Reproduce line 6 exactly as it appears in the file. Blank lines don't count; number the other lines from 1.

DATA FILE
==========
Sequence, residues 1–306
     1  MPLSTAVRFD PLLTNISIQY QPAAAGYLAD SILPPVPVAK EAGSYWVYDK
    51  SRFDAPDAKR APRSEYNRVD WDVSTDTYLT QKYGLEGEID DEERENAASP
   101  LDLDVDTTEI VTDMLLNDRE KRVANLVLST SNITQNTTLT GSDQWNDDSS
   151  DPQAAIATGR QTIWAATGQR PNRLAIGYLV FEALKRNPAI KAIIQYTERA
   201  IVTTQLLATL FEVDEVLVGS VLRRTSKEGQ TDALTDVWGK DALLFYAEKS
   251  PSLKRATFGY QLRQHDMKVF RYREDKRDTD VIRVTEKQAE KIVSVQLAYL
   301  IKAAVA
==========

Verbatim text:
   201  IVTTQLLATL FEVDEVLVGS VLRRTSKEGQ TDALTDVWGK DALLFYAEKS